- Category: Entertainment
- Published Friday, February 19, 2016
- CTV News
THE WITCH: 3 ½ STARS
"The Witch" is the kind of horror film that is not content to simply say "Boo!" There are few, if any, jump scares in the film.
Set in New England, 1630 the movie centers on Christian settlers William, Katherine (Ralph Ineson and Kate Dickie, both of "Game of Thrones") and their five children, a family banished from their church and community to seek out a life on the outskirts of town.
Bordered by an ominous forest, their remote new home offers little in the way of comfort, spiritual uplift or sustenance.
Plagued by grinding poverty and crop failure, the devote family is rocked when their baby son is stolen while under the care of eldest daughter Thomasin (Anya Taylor-Joy). The disappearance is chalked up to something satanic—perhaps a witch from the woods—and a pall of distrust and fear envelops the family, tearing away at the very core of their lives—their faith.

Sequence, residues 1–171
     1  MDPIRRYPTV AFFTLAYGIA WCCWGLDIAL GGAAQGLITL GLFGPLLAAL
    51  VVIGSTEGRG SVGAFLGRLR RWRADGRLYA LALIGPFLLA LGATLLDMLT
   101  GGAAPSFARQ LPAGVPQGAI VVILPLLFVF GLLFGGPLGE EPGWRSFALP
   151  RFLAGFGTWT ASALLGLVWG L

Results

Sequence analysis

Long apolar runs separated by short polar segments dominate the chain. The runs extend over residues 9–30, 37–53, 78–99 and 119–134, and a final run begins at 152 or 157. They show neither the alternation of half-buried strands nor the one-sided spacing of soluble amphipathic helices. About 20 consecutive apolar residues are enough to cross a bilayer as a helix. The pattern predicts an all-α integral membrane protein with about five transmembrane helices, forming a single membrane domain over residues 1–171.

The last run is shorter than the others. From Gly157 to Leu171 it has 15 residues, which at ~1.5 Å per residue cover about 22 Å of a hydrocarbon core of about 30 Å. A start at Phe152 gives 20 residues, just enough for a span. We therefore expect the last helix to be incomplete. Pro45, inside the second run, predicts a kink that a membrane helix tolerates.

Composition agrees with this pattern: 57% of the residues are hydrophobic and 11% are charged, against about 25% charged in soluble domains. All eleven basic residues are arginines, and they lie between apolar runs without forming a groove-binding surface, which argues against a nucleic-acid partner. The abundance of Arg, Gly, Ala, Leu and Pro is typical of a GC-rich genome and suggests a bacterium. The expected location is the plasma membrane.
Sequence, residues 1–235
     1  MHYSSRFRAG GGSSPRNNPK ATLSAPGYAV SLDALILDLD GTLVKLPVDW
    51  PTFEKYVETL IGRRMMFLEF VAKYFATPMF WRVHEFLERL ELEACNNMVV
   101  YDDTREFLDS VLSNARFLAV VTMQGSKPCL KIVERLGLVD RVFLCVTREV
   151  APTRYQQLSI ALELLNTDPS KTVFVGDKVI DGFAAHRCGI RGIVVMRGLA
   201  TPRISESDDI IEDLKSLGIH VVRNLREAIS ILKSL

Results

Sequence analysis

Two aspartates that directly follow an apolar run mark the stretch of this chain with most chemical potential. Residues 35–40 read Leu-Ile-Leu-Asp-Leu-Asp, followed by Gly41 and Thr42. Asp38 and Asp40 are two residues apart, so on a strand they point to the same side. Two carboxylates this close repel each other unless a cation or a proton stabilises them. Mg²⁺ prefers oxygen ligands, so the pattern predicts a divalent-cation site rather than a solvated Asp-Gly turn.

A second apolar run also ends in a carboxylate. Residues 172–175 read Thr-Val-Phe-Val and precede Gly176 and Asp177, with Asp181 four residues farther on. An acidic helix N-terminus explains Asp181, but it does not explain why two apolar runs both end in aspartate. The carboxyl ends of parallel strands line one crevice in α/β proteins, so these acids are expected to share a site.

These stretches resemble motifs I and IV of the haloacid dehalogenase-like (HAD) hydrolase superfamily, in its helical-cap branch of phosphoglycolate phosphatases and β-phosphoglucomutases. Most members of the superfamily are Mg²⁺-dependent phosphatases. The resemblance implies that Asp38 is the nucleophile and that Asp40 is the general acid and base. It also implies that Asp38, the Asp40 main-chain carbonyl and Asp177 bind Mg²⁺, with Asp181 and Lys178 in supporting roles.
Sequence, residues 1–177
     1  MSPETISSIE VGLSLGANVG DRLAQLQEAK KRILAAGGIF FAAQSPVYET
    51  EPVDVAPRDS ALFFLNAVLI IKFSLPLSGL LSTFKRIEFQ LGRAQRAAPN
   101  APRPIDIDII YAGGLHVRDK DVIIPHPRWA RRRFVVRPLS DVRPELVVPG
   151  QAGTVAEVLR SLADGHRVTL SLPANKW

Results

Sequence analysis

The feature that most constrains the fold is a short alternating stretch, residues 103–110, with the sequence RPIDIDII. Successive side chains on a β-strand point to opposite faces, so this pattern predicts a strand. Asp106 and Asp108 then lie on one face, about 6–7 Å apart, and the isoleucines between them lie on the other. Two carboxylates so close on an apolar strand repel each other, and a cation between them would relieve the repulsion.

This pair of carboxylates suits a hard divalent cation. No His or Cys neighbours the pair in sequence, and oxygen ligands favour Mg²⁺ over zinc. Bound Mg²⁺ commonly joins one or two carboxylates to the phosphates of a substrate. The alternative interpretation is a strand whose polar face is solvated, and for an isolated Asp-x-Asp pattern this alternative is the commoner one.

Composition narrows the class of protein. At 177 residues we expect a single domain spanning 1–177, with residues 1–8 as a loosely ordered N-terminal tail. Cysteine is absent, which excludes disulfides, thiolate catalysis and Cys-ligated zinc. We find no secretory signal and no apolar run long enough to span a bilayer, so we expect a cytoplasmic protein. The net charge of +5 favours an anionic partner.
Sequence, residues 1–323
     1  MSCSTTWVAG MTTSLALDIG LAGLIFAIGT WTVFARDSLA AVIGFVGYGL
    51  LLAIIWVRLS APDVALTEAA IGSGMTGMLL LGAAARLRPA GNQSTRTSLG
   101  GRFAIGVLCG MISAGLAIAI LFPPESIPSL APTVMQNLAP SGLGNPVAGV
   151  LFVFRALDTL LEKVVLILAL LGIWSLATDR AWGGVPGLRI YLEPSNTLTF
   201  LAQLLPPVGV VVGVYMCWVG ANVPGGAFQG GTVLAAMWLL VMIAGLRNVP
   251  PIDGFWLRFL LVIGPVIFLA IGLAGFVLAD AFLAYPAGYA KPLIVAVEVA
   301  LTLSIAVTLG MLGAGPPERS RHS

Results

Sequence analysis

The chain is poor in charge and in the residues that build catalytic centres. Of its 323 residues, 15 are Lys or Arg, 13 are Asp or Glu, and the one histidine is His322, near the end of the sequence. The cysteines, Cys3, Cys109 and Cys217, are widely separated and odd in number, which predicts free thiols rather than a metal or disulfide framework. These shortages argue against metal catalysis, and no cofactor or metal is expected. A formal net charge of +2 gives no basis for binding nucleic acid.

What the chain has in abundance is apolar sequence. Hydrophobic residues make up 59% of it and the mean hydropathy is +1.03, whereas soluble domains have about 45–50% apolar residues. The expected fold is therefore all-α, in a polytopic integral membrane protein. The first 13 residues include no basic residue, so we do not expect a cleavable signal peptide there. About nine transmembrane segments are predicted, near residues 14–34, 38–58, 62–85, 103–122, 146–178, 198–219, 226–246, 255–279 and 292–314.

"The Witch" is a slow burn (in hell). Screenwriter and first time director Robert Eggers takes his time building up to a bewitchingly strange climax, toggling between paranoia and illusory (or are they?) elements to allow the dread to mount.
He creates a compact but complete and complex world for his characters to inhabit, chock-a-block with interesting details. Much of the dialogue was borrowed from contemporary trial transcripts and journals and comes heavily laden with religious fervour and the wilderness provides a gloomy backdrop, providing with creepy sounds and the possibility of evil. Everything, every creaking tree branch, every image seems to take on meaning as the hysteria increases.
As William, Ineson is a stern, austere man ruled by his religion, even if it means denying his daughter. The real revelation here is Anya Taylor-Joy as the put-upon daughter whose tests the family’s ideas of faith, loyalty and love.
"The Witch" won’t be for everyone, and certainly not for casual horror fans. There’s no Freddys or Jasons in sight, just pure terror.